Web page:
When Evan Beckner prepared for his study abroad trip to Japan, he crossed all the T TMs and dotted all I's before leaving.
"I TMve always been really interested in Japan, Japanese culture, and I TMve been learning how to speak a little bit a few years before I left," said Beckner, a Tech student.
But one of the things he couldn't prepare for was the unpredictable.
"The earthquake hit while I was on the train, and I was looking around and kind of freaking out because the Japanese people were freaking out, so that's how I knew it was a big one, Beckner said.;
Evan is among many students at Michigan Tech who participate in the study abroad programs, a program designed to open doors to students who want to experience a different culture.
But what happens when trips don't go as planned? Natural disasters or political turmoil?
Although the program prepares students, they should always research the country they're interested in.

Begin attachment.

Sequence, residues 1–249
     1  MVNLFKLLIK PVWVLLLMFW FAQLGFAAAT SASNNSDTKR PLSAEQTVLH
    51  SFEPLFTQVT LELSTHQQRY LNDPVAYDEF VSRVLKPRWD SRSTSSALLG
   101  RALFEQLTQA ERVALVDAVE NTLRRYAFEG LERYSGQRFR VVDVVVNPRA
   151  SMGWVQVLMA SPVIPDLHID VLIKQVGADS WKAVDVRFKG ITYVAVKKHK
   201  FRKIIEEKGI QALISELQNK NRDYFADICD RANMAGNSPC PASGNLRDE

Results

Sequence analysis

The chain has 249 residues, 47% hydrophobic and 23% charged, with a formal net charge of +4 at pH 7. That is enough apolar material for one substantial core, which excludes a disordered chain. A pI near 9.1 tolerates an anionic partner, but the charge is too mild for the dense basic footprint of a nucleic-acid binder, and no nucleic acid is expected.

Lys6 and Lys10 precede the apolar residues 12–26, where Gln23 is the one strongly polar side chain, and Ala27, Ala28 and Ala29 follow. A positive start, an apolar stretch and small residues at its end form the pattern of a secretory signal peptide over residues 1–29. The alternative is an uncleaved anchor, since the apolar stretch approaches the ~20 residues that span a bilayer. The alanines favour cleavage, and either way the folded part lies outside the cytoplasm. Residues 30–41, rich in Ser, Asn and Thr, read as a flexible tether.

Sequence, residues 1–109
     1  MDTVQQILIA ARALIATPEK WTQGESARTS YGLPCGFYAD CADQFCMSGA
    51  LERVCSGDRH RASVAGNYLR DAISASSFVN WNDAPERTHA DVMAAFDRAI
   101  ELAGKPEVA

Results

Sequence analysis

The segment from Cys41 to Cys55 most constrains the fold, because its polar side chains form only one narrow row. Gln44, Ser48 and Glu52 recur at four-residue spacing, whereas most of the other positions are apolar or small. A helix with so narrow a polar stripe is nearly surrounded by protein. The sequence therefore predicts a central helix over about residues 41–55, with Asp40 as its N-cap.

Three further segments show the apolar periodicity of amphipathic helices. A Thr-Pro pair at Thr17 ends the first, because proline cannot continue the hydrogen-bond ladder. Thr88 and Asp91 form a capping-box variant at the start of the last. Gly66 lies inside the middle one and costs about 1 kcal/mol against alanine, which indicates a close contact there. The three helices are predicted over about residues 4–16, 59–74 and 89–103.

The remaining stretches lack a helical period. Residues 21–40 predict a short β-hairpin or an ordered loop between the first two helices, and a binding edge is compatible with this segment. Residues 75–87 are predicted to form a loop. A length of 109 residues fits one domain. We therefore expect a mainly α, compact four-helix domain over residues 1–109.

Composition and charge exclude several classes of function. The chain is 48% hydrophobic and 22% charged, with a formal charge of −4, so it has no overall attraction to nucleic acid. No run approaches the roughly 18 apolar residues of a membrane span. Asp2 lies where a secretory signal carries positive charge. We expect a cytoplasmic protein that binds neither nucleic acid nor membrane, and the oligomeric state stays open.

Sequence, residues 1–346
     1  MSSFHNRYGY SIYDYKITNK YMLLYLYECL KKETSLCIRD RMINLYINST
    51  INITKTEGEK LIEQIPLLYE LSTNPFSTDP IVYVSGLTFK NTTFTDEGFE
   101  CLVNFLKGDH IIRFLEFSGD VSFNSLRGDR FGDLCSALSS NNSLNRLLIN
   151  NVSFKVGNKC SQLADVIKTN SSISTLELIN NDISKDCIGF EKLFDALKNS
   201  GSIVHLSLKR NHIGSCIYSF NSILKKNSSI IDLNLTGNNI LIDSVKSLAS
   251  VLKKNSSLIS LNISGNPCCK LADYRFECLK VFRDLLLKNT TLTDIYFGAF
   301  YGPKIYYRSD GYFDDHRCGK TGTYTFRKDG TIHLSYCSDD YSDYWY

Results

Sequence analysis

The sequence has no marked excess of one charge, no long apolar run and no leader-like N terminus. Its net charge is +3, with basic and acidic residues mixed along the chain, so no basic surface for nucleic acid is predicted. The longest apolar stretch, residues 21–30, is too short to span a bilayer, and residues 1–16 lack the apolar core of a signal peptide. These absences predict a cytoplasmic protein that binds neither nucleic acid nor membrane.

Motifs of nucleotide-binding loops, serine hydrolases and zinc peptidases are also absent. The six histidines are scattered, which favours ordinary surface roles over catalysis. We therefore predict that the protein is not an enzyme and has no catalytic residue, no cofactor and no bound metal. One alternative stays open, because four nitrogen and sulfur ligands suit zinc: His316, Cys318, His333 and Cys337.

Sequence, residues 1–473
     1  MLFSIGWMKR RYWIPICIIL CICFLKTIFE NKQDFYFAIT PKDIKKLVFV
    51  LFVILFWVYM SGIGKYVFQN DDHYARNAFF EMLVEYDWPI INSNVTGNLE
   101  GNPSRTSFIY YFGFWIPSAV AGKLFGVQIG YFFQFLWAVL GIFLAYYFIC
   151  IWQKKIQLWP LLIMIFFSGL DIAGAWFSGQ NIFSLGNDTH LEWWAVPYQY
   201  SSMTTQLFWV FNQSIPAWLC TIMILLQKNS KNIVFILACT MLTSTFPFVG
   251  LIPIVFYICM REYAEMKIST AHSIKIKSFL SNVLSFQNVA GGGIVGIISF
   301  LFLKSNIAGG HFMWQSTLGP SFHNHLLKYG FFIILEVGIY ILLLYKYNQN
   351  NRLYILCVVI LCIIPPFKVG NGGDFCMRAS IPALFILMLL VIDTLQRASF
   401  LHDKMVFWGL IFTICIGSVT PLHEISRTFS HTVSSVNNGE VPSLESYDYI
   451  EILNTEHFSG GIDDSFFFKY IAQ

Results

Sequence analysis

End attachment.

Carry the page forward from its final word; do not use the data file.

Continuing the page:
"We are here to be an adviser to them, but ultimately it TMs their responsibility, said Thy Yang, Director of International Programs and Services at Michigan Tech. We walk them through the steps they need to take in order to choose a program, choose a country, and then get there and come back.
More than 60 students from Michigan Tech participate in the program each year. Although they may go to different countries, they all experience one thing in common: diversity.
"I would say that from a growth perspective, there TMs no better way to experience learning than to be in a situation where you are constantly having to figure things out," Yang said.
Yang says studying abroad should be a positive and memorable experience. She says the program serves only as an advisor to students, and those interested should consider all risks before leaving.